Essential Sports Nutrition

12/20/18

It's time to break up with your food rules



I am a huge proponent of guidelines. By definition, a guideline provides boundaries. A guideline provide direction to take action. In contrast, a rule tells you what you are and are not allowed to do. Rules must be followed or else there will be negative consequences. Rules bring anxiety and stress.

Most of the time, there are no real consequences to breaking a guideline. However, rules are typically set as a way to enforce the right way that things should be done. If not, there are serious consequences.

In your everyday life, you likely adhere to both rules and guidelines - at work, in society, at home, with your family, etc.. For example, when you race in an athletic event, there are rules to ensure safety and fair play. At work, you may have guidelines to ensure a positive, safe and supportive work culture.

But what about food rules? Do you constantly live life following rules as to how you should and shouldn't eat?

As a board certified sport dietitian, I don't believe in food rules. I couldn't imagine living my life with rules as to how I have to eat unless it was for medical reasons. Sure, I have healthy eating patterns that I adhere to on a daily basis but I also know that nothing bad will happen when I enjoy the occasional treat. Sadly, many athletes don't live this way.

With good intentions, you may be adhering to food rules as a way to eat better and to improve performance. For example, a rule to always refuel after a workout is great advice. But a rule of "no carbs after 7pm" or "fruit is off-limit" is worrisome. When you live with food rules, every food-related situation or decision becomes stressful and brings anxiety and stress. Seeing that athletes often take guidelines too the extreme, there can be great consequences to adhering to food rules.

Following strict and unrealistic rules can result in physical, emotional and psychological issues, including nutrient deficiencies, hormonal disturbances, anxiety, depression and obsessive thinking.
Food rules can result in extreme preoccupation with food and body image. This can be exhausting - mentally and emotionally. For an athlete, the stress you place on your body through training is more than enough for your body to handle. Food rules have no place in an athlete's diet.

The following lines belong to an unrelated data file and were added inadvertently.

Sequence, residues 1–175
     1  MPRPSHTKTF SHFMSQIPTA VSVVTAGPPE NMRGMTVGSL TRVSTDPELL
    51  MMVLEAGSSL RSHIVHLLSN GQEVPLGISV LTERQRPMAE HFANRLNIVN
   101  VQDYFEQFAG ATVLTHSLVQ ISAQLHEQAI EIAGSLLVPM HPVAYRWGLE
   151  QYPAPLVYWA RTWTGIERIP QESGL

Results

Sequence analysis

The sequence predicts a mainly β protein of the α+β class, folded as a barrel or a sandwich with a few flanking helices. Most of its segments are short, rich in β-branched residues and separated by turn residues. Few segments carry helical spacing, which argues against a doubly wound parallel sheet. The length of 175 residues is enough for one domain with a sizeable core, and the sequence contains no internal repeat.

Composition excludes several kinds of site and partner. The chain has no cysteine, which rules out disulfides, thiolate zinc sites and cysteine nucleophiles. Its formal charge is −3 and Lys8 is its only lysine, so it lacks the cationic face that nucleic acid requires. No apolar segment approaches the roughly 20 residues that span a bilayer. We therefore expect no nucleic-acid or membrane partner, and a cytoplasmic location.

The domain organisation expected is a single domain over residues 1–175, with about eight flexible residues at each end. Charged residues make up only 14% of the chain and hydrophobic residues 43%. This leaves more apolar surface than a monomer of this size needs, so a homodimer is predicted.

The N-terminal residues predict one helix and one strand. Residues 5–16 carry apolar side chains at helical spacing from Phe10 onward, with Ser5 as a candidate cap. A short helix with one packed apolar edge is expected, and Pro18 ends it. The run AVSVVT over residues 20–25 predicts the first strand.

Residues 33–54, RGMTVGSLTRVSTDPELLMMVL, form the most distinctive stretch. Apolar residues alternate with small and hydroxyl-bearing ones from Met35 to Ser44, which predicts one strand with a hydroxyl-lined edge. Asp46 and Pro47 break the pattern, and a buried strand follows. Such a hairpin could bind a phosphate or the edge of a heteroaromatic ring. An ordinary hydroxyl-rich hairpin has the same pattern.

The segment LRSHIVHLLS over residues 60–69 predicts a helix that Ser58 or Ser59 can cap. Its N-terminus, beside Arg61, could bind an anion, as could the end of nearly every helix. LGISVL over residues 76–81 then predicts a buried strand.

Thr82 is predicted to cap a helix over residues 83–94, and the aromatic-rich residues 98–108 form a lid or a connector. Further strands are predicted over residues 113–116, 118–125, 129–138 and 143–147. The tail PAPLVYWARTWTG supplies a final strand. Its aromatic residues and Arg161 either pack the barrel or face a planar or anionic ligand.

Do you feel as if you are a prisoner to your self-imposed food rules? 

Is the thought of deviating from your strict food rules causing you great anxiety, fear, worry and stress?  

Food rules create structure, order and control. This is why diets, like Whole 30, work.....temporarily. Food rules keep you "on track" by taking out the guesswork of eating. At first, food rules make eating easy, but eventually they come with a consequence. Either you break your food rules and go back to unhealthy eating habits or you become even more obsessed with eating, which increases the risk for disordered eating, which may develop into an eating disorder.

Breaking food rules can be very difficult for you've likely become rather accustomed to your food rituals. During your break-up period, it is very important that you do not focus on your body as your body is likely in a state of undernourishment. You've probably become out-of-tune with your body signals. Your digestive tract may be compromised due to disordered eating. When you've ignored your body cues and signals for fear of breaking a rule, the first step in your break-up is giving your body the nourishment it needs to heal from the damage that has been done by restrictive eating and disordered eating patterns.

Eventually, likely with the help of a professional, you will be able to engage in healthy, structured and enjoyable eating patterns that are not rigid, strict, controlled or obsessive. Health should improve, alongside body composition and performance. Once the break up is behind you, you'll be on your way of creating a personalized style of eating, free of guilt, anxiety and worry.

Are you ready for a break-up?